Browsing by Subject "ACE2"

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  • Renner, Andreas; Marth, Katharina; Patocka, Karin; Idzko, Marco; Pohl, Wolfgang (2020)
  • Yang, Tae Un; Noh, Ji Yun; Song, Joon-Young; Cheong, Hee Jin; Kim, Woo Joo (2021)
    The Republic of Korea (ROK) experienced a public health crisis due to Middle East respiratory syndrome (MERS) in 2015 and is currently going through the coronavirus disease 2019 (COVID-19) pandemic. Lessons learned from the disastrous MERS outbreak were reflected in the preparedness system, and the readiness capabilities that were subsequently developed enabled the country to successfully flatten the epidemic curve of COVID-19 in late February and March 2020. In this review, we summarize and compare the epidemiology and response of the ROK to the 2015 MERS outbreak and the COVID-19 epidemic in early 2020. We emphasize that, because further COVID-19 waves seem inevitable, it is urgent to develop comprehensive preparedness and response plans for the worst-case scenarios of the COVID-19 pandemic. Simultaneously strengthening healthcare capacity to endure the peak demand and implementing smart strategies to sustain social distancing and public hygiene are necessary until safe and effective therapeutics and vaccines against COVID-19 are available.
  • Salmenkari, Hanne; Issakainen, Tomi; Vapaatalo, Heikki; Korpela, Riitta (2015)
    AIM: To investigate local corticosterone production and angiotensin- I converting enzyme (ACE) protein expression and their interaction in healthy and inflamed intestine. METHODS: Acute intestinal inflammation was induced to six weeks old male Balb/c mice by administration of either 3% or 5% dextran sodium sulfate (DSS) in drinking water for 7 d (n = 12 in each group). Healthy controls (n = 12) were given tap water. Corticosterone production and ACE protein shedding were measured from ex vivo incubates of the small and large intestine using EIA and ELISA, respectively. Morphological changes of the intestinal wall were assessed in hematoxylin-eosin stained tissue preparations of jejunum and distal colon. Effects of angiotensin II, captopril and metyrapone on corticosterone production was assessed by incubating pieces of small intestine of healthy mice in the presence of 0.1, 1 or 10 mu mol/L angiotensin II, 1, 10 or 100 mu mol/L captopril or 1, 10 or 100 mu mol/L metyrapone solutions and measuring corticosterone released to the incubation buffer after 90 min (n = 5 in each group). RESULTS: Both concentrations of DSS induced inflammation and morphological changes in large intestines but not in small intestines. Changes were observed as distortions of the crypt structure, mucosal erosion, immune cell infiltration to the mucosa and submucosal edema. Ex vivo corticosterone production (2.9 +/- 1.0 ng/mL vs 2.0 +/- 0.8 ng/mL, P = 0.034) and ACE shedding (269.2 +/- 97.1 ng/mL vs 175.7 +/- 52.2 ng/mL, P = 0.016) were increased in small intestines in 3% DSS group compared to the controls. In large intestine, corticosterone production was increased compared to the controls in both 3% DSS (229 +/- 81 pg/mL vs 158 +/- 30 pg/mL, P = 0.017) and 5% DSS groups (366 +/- 163 pg/mL vs 158 +/- 30 pg/mL, P = 0.002). Large intestine ACE shedding was increased in 5% DSS group (41.5 +/- 9.0 ng/mL vs 20.9 +/- 5.2 ng/mL, P = 0.034). Angiotensin II treatment augmented corticosterone production in small intestine at concentration of 10 mu mol/L (0.97 +/- 0.21 ng/mg protein vs 0.40 +/- 0.09 ng/mg protein, P = 0.036). CONCLUSION: Intestinal ACE shedding is increased by DSS-induced intestinal inflammation and parallels local corticosterone production. ACE product angiotensin. stimulates corticosterone formation in healthy intestine.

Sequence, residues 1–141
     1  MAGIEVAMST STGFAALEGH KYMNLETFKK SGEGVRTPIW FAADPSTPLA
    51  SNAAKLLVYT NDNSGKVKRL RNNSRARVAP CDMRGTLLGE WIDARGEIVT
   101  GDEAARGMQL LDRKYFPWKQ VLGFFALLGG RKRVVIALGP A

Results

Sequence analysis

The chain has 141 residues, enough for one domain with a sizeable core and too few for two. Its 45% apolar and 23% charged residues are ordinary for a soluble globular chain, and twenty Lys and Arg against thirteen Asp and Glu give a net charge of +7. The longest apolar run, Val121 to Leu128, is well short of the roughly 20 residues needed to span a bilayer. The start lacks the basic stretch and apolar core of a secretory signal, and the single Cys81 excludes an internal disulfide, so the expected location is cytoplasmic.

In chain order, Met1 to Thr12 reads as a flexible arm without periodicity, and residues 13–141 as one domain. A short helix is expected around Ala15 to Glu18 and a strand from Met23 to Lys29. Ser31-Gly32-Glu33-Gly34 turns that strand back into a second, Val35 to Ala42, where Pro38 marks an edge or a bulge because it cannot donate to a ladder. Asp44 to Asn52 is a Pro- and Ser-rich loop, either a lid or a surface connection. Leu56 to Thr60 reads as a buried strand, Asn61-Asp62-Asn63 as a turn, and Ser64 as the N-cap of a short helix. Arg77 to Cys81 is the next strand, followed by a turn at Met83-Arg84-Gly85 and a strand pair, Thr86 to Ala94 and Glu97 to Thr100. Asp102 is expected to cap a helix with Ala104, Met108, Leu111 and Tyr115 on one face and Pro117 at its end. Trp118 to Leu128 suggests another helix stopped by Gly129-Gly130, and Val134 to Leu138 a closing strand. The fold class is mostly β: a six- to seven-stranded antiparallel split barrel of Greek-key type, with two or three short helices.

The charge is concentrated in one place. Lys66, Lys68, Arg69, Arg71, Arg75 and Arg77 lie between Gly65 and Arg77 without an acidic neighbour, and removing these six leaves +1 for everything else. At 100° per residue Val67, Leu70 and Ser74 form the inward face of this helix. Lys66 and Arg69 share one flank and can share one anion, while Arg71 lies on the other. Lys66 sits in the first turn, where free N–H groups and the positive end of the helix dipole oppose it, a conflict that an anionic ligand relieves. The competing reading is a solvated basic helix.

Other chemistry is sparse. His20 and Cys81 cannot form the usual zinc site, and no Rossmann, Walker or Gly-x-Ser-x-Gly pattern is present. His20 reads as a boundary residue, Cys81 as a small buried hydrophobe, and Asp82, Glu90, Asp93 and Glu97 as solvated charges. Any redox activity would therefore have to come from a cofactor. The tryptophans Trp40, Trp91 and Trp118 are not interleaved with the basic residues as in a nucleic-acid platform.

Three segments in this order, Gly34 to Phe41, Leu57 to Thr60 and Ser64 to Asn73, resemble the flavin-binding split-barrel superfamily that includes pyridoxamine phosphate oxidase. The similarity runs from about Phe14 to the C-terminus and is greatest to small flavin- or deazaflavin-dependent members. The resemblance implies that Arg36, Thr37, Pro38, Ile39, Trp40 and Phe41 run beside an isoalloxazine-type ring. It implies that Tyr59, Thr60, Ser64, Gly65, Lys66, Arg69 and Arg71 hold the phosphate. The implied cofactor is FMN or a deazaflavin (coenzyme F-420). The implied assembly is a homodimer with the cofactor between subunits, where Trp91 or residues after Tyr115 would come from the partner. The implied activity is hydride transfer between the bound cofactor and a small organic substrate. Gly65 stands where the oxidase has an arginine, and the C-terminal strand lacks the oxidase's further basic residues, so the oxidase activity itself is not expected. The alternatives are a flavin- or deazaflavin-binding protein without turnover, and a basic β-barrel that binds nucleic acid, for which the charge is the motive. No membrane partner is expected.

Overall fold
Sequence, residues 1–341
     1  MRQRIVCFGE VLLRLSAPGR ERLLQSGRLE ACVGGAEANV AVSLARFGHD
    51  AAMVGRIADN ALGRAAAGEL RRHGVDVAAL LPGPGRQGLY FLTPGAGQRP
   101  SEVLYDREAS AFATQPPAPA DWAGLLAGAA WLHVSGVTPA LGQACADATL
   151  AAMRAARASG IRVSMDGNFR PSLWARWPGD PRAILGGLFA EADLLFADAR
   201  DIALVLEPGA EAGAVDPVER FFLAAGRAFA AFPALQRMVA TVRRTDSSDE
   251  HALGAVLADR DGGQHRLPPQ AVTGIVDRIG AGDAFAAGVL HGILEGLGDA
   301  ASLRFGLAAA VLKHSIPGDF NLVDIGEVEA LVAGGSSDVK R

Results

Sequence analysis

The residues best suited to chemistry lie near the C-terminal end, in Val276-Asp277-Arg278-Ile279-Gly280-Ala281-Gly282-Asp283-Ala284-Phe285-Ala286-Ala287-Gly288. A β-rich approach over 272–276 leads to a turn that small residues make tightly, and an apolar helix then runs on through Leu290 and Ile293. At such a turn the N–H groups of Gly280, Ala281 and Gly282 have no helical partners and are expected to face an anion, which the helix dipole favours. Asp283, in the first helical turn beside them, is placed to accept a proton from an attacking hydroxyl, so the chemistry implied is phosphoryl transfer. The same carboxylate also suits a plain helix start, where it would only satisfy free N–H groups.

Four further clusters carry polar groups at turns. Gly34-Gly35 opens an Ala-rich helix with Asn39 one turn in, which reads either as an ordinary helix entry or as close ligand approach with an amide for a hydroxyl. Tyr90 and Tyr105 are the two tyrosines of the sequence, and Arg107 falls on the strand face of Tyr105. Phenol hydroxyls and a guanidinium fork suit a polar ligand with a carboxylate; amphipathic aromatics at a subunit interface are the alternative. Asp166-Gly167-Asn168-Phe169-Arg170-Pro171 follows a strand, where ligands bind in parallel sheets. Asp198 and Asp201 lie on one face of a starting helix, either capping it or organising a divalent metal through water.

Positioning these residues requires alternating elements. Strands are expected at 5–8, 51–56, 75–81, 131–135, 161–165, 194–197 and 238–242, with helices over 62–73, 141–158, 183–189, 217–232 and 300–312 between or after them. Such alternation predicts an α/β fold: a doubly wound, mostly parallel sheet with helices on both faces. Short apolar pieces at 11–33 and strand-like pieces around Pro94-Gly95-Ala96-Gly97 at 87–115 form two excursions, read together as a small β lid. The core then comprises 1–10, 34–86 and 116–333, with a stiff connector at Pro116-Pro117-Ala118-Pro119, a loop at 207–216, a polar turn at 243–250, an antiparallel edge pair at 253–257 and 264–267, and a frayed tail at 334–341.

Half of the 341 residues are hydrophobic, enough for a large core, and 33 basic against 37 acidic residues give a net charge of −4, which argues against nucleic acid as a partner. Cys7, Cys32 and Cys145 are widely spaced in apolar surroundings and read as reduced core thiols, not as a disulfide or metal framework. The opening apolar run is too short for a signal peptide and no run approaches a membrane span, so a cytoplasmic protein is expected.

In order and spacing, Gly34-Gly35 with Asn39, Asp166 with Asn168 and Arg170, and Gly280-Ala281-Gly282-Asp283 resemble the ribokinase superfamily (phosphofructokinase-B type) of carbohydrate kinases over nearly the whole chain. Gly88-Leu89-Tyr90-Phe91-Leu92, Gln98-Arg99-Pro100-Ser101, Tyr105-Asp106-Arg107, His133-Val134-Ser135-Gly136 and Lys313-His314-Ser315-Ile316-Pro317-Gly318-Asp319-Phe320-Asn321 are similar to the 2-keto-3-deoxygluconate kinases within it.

• Holappa, Mervi; Vapaatalo, Heikki; Vaajanen, Anu (2020)
    The renin-angiotensin system (RAS) is one of the oldest and most extensively studied human peptide cascades, well-known for its role in regulating blood pressure. When aldosterone is included, RAAS is involved also in fluid and electrolyte homeostasis. There are two main axes of RAAS: (1) Angiotensin (1-7), angiotensin converting enzyme 2 and Mas receptor (ACE2-Ang(1-7)-MasR), (2) Angiotensin II, angiotensin converting enzyme 1 and angiotensin II type 1 receptor (ACE1-AngII-AT1R). In its entirety, RAAS comprises dozens of angiotensin peptides, peptidases and seven receptors. The first mentioned axis is known to counterbalance the deleterious effects of the latter axis. In addition to the systemic RAAS, tissue-specific regulatory systems have been described in various organs, evidence that RAAS is both an endocrine and an autocrine system. These local regulatory systems, such as the one present in the vascular endothelium, are responsible for long-term regional changes. A local RAAS and its components have been detected in many structures of the human eye. This review focuses on the local ocular RAAS in the anterior part of the eye, its possible role in aqueous humour dynamics and intraocular pressure as well as RAAS as a potential target for anti-glaucomatous drugs.KEY MESSAGES Components of renin-angiotensin-aldosterone system have been detected in different structures of the human eye, introducing the concept of a local intraocular renin-angiotensin-aldosterone system (RAAS). Evidence is accumulating that the local ocular RAAS is involved in aqueous humour dynamics, regulation of intraocular pressure, neuroprotection and ocular pathology making components of RAAS attractive candidates when developing new effective ways to treat glaucoma.